It’s been about a month since returning from Curaçao and I’m already thinking to go back with my sisters. It’s a beautiful island with so much to do and I’ll definitely be exploring more when I return. Since my hotel provided free shuttle service to Punda, I took advantage when I did my solo explorations. If you’re not into snorkeling, scuba diving or water activities, here’s a list of things you can do in Willemstad.
Do Some Shopping
Searching for the bus to go back to my hotel, I discovered the floating market. Here you can purchase fresh fruits, vegetables and fish. In addition to purchasing food, you can also visit the local shops for souvenirs and gifts for friends and family. On my first trip to Punda, I surveyed the area after my visit to the museums. The cruise ships stopped in the Otrobanda on the second day, so I did most of my shopping in the morning before the “big rush” came in.
Eat the Food
My first night in, I had no choice, but to eat at the resort, but once I went to town, I found my way to Plasa Bieu (The Old Market). I was pretty early for lunch, but John from Grasia di Dios hooked me up with stewed iguana with rice, veggies, plantains and cucumber souse (Souse is a pickling method of preparing meats and vegetables). Since my family is West Indian, I told him to bring the pepper sauce so I know it’s real.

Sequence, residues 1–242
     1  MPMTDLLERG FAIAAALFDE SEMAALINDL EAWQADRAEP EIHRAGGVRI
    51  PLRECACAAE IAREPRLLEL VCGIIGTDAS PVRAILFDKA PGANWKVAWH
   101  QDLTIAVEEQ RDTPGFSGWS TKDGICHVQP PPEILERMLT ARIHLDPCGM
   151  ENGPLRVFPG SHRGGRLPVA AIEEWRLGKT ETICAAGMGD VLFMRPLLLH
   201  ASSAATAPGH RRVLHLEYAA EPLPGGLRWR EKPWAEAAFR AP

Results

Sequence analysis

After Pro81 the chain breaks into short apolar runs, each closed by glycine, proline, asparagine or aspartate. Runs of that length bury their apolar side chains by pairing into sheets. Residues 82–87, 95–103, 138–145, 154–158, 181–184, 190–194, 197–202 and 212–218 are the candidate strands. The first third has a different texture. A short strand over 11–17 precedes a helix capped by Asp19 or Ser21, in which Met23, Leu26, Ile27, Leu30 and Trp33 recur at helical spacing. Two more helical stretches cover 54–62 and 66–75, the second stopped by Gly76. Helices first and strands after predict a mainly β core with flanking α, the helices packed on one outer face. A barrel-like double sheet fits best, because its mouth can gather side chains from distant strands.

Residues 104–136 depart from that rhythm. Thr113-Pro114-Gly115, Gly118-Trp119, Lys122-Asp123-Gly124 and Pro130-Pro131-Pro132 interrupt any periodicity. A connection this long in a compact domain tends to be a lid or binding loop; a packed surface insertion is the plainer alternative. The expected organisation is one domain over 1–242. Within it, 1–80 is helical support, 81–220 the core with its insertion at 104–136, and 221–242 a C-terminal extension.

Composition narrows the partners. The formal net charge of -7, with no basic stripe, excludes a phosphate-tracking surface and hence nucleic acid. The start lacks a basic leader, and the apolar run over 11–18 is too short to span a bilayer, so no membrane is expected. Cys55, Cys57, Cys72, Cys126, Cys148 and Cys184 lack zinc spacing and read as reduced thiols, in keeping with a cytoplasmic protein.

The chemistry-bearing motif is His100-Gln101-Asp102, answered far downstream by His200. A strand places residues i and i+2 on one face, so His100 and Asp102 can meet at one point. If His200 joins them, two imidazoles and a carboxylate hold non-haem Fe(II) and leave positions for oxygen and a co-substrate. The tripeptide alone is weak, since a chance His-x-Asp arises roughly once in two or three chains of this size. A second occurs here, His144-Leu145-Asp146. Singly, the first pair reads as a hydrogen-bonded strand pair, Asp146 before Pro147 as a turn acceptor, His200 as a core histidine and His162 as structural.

On my visit to the Kura Hulanda Museum, I made a stop at the cafe to have Keshi Yena which is an Aruban and Curaçaoan main course dish, consisting of a large round ball of cheese stuffed with spiced meat, served steamed or baked. It reminded me of chili with cheese on top. Because it was on their resort, the price was high, but the food was very good. I needed to find this in the old market.
Visit the Museums
Randomly walking around, I stumbled upon the Mikve Israel-Emanuel Synagogue which is the oldest synagogue in the Western Hemisphere dating back to the 1600s. It was $10 admission and architecture was beautiful. Admission included entry to the Jewish Cultural Historical Museum containing artifacts of over 350 years of Jewish settlement in Curaçao. Pretty cool.
The Kura Hulanda Museum is an absolute MUST see in Curaçao. It is located a few blocks from the Ferry stop to the Otrobanda (or walk across the floating bridge) and there is so much knowledge stored in this place. It covers topics from the days of Abraham down to present day covering African kingdoms and culture, slavery in the West Indies and a North America and post reconstruction. I literally spent two hours here and still don’t think I saw everything. I loved every bit of it and encourage anyone who is interested in world history, Caribbean or African culture to visit.
What are some of the local things you do on vacation?